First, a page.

I officially love to travel. I just got back from one of those trips that makes you want to be a traveling hippie for your entire life. Honestly! I am starting to learn the secrets to happy traveling and I’m ready for more. J Two friends and I escaped the constraints of Lima and host families and took off to the North for twelve days. Talk about freedommmmmmm! We spent our time based in Tumbes doing little day trips or overnight adventures to the surrounding area. We stayed with the sister of the sister-in-law of my exchange friend but it was very much our responsibility to plan everything. We bought our own food (from the little corner stores about the size of your average concession stand) and cooked all of our meals if we didn’t eat out. I must say it is quite an experience to budget, buy and feed yourself for twelve days. I feel like I seriously rediscovered the beauty of staple foods like potatoes, noodles, bread and eggs. They are cheap, filling, tasty (when mixed with a few key spices) and did I mention cheap? jaja We also planed and executed our entire itinerary and transportation. Basically there are three options. Collectivo- which is a taxi that has a certain route and stops to pick up random people along the way. Motor taxi- for shorter trips within the city this is a good option because the drivers know how to get everywhere even if you don’t. J Bus- for a longer trip to the beach or another city. But, it’s definitely the least comfortable of the three options because they are super crowded, hard seated and lack air conditioning. After getting off the bus from Ecuador my shirt was so sweaty that the nine year old daughter literally thought I had been hit by a water ballon. hahahahaha! That reminds me of an absolutely FABULOUS tradition that should definitely become part of Wenatchee life. It’s called carnivales! Basically that means that all summer long the entire city is entitled to participate in a ginormous water fight. At any given moment you can be pegged by water balloons or squirtguns and it is completely acceptable. It makes walking to the store MUCH more of an adventure… and unfortunately for us the gringos stick out as very nice targets! We had quite a few incidents with little neighbor boys, motor taxi’s full of teenagers, and even random guys standing on the corner. haha J
Here are a couple random highlights
1) Beachtime. Tumbes is right on the border with Ecuador and it is HOT HOT HOT! So what better way to spend the day than playing in the ocean? Especially when this province is known to have some of the most beautiful beaches in Peru. Our favorite beach was Zorritos and we spent three afternoons tumbling around in its waves and lounging in the shade of the palm structures. It is one of those HUGE beaches that you see in postcards with white sand, blue water and crashing waves. But the best thing about it is that it isn’t overly crowded. On the contrary it was nearly private. We only had to share with about three or four other families and a lot of red crabs. Although we did have three different encounters with overly friendly men. This guys would come over and start a conversation with us while we were swimming and then they didn’t take the hints that we were DONE talking. And we were quite blunt too. hahahahaha Once we practically had to run away to convince the dude that we didn’t want a ride back to Tumbes.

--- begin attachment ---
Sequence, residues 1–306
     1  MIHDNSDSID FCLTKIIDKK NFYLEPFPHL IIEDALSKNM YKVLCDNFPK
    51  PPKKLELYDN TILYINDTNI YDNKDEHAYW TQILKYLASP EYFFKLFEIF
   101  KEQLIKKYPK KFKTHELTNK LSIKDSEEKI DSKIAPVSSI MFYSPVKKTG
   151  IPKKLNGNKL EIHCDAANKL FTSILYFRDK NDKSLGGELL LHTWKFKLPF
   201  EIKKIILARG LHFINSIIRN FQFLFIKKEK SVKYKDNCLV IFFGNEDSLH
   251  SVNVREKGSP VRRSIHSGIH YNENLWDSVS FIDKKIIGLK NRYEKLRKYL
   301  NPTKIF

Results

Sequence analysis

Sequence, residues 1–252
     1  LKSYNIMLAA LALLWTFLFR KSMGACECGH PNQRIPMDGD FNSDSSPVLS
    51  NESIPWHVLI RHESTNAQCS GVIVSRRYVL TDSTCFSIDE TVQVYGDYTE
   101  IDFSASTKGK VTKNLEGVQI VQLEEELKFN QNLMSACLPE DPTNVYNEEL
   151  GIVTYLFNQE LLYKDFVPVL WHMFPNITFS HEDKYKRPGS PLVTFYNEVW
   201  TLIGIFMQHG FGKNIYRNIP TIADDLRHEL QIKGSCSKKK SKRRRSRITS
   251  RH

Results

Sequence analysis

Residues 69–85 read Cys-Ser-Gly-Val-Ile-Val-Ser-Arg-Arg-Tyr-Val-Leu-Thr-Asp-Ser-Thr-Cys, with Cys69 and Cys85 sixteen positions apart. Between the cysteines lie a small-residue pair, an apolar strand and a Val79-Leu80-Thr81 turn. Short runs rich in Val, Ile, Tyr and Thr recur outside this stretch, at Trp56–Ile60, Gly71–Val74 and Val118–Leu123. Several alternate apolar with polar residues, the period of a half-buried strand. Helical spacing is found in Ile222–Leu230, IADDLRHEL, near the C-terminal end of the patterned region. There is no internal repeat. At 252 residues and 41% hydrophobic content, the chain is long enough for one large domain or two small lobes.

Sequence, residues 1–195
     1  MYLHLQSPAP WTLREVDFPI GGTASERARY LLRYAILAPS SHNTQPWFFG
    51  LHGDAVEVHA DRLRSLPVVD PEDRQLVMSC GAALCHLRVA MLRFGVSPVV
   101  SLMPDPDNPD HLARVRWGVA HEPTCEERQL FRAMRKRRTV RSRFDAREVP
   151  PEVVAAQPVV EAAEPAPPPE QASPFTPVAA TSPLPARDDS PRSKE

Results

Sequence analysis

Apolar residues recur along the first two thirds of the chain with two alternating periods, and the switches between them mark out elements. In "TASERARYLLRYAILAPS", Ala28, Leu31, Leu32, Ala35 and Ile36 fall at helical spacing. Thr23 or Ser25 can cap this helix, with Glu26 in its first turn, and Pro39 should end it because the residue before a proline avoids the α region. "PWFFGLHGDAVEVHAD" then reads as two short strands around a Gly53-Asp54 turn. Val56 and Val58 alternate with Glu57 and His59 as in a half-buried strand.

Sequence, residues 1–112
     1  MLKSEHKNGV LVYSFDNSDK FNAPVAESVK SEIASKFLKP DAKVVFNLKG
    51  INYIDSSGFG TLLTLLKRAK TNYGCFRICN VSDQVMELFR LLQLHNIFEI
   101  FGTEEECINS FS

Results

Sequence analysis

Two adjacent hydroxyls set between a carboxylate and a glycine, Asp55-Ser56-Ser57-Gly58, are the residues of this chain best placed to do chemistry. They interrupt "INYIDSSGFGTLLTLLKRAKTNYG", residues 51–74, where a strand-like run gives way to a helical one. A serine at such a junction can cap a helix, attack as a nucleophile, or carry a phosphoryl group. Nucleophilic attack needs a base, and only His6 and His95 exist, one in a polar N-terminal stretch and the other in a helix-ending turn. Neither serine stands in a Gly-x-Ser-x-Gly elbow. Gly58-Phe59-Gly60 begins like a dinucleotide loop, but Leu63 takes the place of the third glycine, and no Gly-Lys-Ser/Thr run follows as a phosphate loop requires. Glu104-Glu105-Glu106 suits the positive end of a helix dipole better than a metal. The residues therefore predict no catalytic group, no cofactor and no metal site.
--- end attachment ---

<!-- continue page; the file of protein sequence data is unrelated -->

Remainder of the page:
2) Cerros de Amotape. This was our adventure in the wilderness. It is a national park with gorgeous hiking and lookout spots but it’s a tab bit difficult to access. First you have to get permission from the government and then you have to find a way to spend the night. We ended up camping in a borrowed tent without any type of sleeping gear or padding. jaja luckily it wasn’t cold and we found a nice little lady in the miniscule town to sell us a few bottles of water and cook us dinner. Totally worth it.
3) Hervideros. These are basically big huge medicinal mud pits. You take a motor taxi about half an hour into the middle of nowhere and then you see these huge stone walls. Inside are 5 different mudpits, the sound of hundreds of singing birds and some buckets full of yellowish water to rinse off. It is really one of the most tranquil places I have ever been and I am sure a lot of people would pay good money if they knew about it. Lucky for us we only had to pay two soles to the ancient little grandpa for filling up the rinsing buckets. Yay! We spent about 2 hours playing in the mud and smearing ourselves with various shades of black, brown and green. oooooooooooo just think back to how fun it was to wiggle your toes in the mud when you were a little kid making mud pies and then multiply it by 1000. Best feeling in the world!